“I wish to say that in all my life I have never encountered soldiers like those of the Folgore”, stated British General Hughes. The Italian paratroopers of the Folgore and Nembo divisions were extremely tough opponents executing aggressive tactics with great initiative whether faced in North Africa, Italy or on the Russian Front.
Produced by Fiat Ansaldo, the M13/40 was the main battle tank of the Italian army in World War II and served throughout the war following its introduction in 1940. Although designated as a medium tank it was more in line with the light tanks of other nations at the time.
With armour up to 42mm thick, and armed with a 47mm main gun backed up by up to four 8mm machine guns, it carried a four-man crew. Its diesel engine, whilst underpowered, giving a top speed of around 20mph, was less vulnerable to catching fire and had better range than petrol-fuelled vehicles.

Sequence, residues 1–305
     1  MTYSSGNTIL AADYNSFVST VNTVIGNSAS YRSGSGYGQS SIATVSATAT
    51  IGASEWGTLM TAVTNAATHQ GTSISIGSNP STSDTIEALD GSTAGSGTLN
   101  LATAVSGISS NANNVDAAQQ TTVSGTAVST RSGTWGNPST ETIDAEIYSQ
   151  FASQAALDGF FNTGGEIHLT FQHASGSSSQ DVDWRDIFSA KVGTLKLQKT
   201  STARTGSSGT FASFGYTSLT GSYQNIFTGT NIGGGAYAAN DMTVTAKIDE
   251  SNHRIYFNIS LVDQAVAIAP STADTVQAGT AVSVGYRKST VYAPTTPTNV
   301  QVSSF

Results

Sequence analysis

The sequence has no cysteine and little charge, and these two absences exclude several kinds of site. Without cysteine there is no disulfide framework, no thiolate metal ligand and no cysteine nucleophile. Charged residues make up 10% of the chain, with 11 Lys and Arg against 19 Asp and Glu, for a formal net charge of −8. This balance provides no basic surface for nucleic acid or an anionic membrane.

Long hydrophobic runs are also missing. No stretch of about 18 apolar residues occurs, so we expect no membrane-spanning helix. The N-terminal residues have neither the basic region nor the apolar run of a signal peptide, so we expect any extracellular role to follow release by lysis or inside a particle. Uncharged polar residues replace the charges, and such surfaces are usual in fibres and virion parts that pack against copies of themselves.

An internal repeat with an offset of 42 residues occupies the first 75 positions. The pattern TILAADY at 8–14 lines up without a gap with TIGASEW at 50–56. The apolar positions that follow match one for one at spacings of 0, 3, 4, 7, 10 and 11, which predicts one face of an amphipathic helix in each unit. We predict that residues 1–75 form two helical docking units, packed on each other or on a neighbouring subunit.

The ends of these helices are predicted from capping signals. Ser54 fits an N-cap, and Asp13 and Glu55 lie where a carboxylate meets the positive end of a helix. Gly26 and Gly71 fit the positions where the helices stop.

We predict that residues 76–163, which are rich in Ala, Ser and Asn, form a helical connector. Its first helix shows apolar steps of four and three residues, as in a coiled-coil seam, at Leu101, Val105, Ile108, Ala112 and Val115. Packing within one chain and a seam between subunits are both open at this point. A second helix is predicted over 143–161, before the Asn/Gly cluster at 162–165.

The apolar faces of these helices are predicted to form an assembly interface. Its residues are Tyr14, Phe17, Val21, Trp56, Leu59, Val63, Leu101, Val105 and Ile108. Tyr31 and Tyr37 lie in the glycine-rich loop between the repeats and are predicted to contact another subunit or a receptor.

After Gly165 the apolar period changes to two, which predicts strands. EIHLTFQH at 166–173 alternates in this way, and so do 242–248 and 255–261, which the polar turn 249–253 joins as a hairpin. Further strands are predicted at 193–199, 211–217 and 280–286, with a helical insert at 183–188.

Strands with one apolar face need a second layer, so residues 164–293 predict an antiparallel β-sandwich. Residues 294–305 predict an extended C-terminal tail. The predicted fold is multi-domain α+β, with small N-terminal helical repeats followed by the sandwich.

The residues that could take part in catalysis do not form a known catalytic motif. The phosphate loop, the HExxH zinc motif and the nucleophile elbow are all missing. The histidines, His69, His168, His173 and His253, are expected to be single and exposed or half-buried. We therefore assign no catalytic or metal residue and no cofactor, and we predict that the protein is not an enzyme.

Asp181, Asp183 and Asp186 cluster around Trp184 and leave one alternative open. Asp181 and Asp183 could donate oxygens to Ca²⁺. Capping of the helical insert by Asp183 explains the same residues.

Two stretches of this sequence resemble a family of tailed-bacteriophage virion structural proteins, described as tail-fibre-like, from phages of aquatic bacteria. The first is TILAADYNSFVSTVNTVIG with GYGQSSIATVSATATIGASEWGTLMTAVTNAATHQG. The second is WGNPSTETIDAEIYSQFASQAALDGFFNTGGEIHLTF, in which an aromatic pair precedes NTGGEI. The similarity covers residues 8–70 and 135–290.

The most widely produced Italian tank of the war, the M13/40 battled on in the Western Desert and Italy despite Allied tanks far eclipsing it in firepower, speed and protection.
This superb plastic kit can alternatively be assembled as a Semovente tank. The Semovente 75/18 self-propelled gun brings some much needed armoured reinforcements to Italian forces.
The Semovente was an Italian self-propelled gun, built by mounting the 75mm Obice da 75/18 modello 34 mountain gun on the chassis of a M13/40 or M14/41 tank. It had riveted steel plates, which were thicker but also less sloped than in the original tank. Frontal armour was almost vertical, but it consisted of two plates rather than a single layer, which improved stopping power.
You may think these tanks may only be for Italian Bolt Action armies, but you’d be dead wrong. Captured examples of the M13 were used by the Australians at Tobruk and the Germans were known to use Semoventes. The kit has you covered, including a decal sheet with Italian army, German army and Australian Army markings.